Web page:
• Captivated by ScriptureCaptivated by Scripture: A personal reflection on D. W. B. Robinson’s legacy for biblical studies
    What made Donald W. B. Robinson such an inspiring and influential teacher for generations of students? His commitment to being captivated by Scripture. This is a paper given by Lionel Windsor at the legacy day and launch of Donald Robinson Selected Works Volume 3: Biblical and Liturgical Studies & Volume 4: Historical Studies and Series Index. Moore Theological College, Sydney, 16 March 2019.
  • The first thing to say about church (Ephesians 1:22–23)
    Here in Ephesians 1:22–23, for the first time in his letter, the apostle Paul uses the word “church”. He’s taken quite some time to get to this point. That might make you think that the church isn’t very important to Paul. But actually, the reverse is true. This is a climactic statement. So far in Ephesians, Paul has poured out his praise to God for his blessings and plans and purposes. He has told his readers how he is praying for knowledge and hope and strength in God. Now, finally, at the highest peak of this amazing prayer, Paul names “the church”. So what is the first thing Paul has to say about the church? What is the word he associates most closely with the church? What matters most to Paul when it comes to the church? The answer is, in fact, obvious. It’s so obvious that you might think it doesn’t need to be said. You might even wonder why Paul bothers saying it, when there are so many other more practical things he could say about the church. But while it might seem obvious, it needs to be said first. Why? Because it’s so easy to assume it. Yet without it, nothing else about the church makes sense.
  • Grave of John BunyanStrength to live (Ephesians 1:19–21)
    What do we do when we feel weak in the face of the powers that be? One response might be just to shut down, close ranks and find a bitter satisfaction in our identity as victims. Another response might be to try to fight as hard as we can to exert our power and dominance over others, seeking to turn the tables so that we become the conquerors instead of the oppressors. Both of these responses involve seeking strength and power in ourselves. They are often the way that oppressed individuals and groups in our world respond to the powers that are oppressing them. But is that the way God wants his people to respond to our weakness in the face of power? In Ephesians 1:19–21, the apostle Paul gives us a far better way to respond. Paul’s response involves looking for strength. But it’s not a strength that comes from within ourselves. It’s a strength that comes from God himself.
  • Christ, the Cross and Creation Care ConferenceConference: Christ, the Cross and Creation Care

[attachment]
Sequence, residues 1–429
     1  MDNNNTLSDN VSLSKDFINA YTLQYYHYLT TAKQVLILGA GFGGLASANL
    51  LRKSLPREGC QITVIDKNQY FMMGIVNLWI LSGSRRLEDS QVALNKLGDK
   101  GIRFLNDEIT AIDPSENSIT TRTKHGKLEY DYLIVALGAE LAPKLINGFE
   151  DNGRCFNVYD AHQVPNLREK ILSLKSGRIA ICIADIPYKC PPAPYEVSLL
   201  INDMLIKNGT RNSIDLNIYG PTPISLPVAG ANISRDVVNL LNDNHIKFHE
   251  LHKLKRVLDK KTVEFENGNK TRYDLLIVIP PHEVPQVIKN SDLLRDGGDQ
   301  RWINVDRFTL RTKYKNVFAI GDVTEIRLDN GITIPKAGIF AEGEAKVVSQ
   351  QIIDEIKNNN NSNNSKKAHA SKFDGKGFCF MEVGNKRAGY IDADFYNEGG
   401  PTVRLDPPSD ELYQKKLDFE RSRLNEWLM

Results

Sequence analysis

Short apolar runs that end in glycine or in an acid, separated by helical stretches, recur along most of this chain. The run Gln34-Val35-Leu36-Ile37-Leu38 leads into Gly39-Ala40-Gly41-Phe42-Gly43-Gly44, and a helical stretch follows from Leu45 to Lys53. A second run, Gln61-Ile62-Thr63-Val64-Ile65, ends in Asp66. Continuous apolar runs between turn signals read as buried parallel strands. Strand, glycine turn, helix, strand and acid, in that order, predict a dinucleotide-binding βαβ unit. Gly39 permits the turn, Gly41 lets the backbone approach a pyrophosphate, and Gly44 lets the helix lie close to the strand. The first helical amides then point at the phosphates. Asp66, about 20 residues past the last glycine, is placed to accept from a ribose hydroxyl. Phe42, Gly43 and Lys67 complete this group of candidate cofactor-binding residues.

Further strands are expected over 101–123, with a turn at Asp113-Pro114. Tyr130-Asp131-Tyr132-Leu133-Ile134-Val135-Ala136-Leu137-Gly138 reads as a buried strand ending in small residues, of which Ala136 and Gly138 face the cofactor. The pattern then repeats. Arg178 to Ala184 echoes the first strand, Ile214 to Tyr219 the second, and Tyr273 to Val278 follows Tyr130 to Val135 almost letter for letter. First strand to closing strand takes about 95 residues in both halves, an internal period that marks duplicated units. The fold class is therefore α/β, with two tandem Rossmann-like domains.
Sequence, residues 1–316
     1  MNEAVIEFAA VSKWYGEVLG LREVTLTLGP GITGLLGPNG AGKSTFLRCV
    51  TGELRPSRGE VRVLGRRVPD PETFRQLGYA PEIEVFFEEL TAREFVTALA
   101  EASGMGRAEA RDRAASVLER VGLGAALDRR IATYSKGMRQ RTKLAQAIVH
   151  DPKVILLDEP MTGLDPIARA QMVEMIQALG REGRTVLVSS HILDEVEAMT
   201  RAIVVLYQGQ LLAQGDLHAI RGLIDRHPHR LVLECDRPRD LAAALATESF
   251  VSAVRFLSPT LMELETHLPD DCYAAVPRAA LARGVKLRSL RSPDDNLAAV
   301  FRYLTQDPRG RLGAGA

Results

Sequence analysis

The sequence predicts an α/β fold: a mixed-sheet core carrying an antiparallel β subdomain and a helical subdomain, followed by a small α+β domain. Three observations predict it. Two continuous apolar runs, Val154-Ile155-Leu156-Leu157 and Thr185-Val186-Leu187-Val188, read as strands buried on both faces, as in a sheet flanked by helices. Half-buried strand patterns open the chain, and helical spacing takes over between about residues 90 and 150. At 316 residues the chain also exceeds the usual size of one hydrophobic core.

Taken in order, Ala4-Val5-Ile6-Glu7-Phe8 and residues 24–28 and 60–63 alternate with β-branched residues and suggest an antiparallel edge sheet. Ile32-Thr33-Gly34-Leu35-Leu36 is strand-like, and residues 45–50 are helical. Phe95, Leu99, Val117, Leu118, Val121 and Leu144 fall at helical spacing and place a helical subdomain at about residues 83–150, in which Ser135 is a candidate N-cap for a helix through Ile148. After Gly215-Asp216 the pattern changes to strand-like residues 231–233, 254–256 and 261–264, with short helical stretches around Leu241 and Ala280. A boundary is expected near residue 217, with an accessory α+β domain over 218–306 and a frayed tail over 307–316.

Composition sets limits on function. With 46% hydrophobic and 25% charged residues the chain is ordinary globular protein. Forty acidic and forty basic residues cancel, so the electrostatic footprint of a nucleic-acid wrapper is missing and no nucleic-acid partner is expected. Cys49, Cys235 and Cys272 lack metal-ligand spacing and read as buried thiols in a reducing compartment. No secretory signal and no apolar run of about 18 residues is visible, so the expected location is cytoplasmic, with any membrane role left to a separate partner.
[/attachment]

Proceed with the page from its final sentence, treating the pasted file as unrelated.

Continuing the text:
I'll be speaking at the "Christ, the Cross and Creation Care Conference", Sydney. 8.30am to 3.30pm, Saturday 22 June 2019. A conference run by A Rocha Australia
  • Palatine Hill from Roman Forum with contrails – Black and WhiteWhat’s the point of theology? (Ephesians 1:17–18)
    The full name of the college I teach at is “Moore Theological College”. That word “Theological” says something important about who we are. It reminds us about what we're on about. Yes, the Bible is at the centre of everything we do. Yes, we seek to train people for ministry. Yes, we're driven by the worldwide mission of Jesus Christ. Yes, we're committed to learning together, and having our characters formed in loving Christian community. But our careful study of the Bible, and our pastorally-motivated ministry and mission training, and our encouragement of one another in our community, all matter because of something more basic: theology. Unfortunately, the word "theology" can be misunderstood. It sometimes gets used to mean something like “technical details about spiritual things that experts argue about and isn’t much practical use to regular people”. But that's just a caricature. It's not what theology is. Theology is something far more profound, far more life-changing, and far more fundamental—not just for people at a college, but for everyone. In Ephesians 1:17–18, Paul prays for his readers—people who have come to believe in and live for Jesus Christ. It's a prayer for more theology.
  • Youth praying, Finchale PrioryPrayer: What are we actually doing? (Ephesians 1:15–16)
    “A Muslim, a Jew and an Anglican Minister walk into a classroom”. This was the advertising blurb for a local Community College seminar I participated in a few years ago. I joined a Muslim educator and a Jewish academic (who is also a friend of mine) to give a series of presentations on different aspects of our three religions to interested people from the community. When we came to the topic of ‘prayer’, I was fascinated to hear what my co-presenters had to say. Even though we were all using the same word, ‘prayer’, the word meant very different things in the different religions. As a believer in Jesus Christ, what did I have to say about what prayer is? What would you have said? Christians, too, can often be a bit confused or unclear about what prayer actually is. That’s where the Apostle Paul really helps us. In these verses in Ephesians, Paul starts telling his readers about his own prayers for them.
  • Photo by Danielle Macinnes on UnsplashThe Holy Spirit: Our security (Ephesians 1:14)
    The Stanford Marshmallow Experiments are a favourite illustration of motivational speakers. The lesson is this: If you can learn how to delay gratification early in life, you’ll do better in later life. Sounds reasonable, doesn’t it? But unfortunately, like many popular conclusions drawn from famous psychological experiments, it doesn’t stand up to closer scrutiny. The more up-to-date study demonstrates something far more mundane: if you grow up in a secure home where you know there will always be food on the table, you’re more likely to be able to put off eating a marshmallow. This isn’t a particularly useful lesson for motivational speakers. But it’s a great illustration of what it means to be a child of God.
  • Mission. Photo by Ben White on UnsplashThe message is the mission (Ephesians 1:13)
    What is God’s mission? What means is God using to bring about his purposes in Christ? What does that mean for our own mission as Christians and churches?
  • Bible and the horizon. Photo by Aaron Burden on UnsplashRejoicing in the blessing of others (Ephesians 1:11–12)
    Although the Bible is always relevant to us, not every sentence is directly about us. When we realise this, we can rejoice in God’s blessings even more.

On this site

All content copyright Lionel Windsor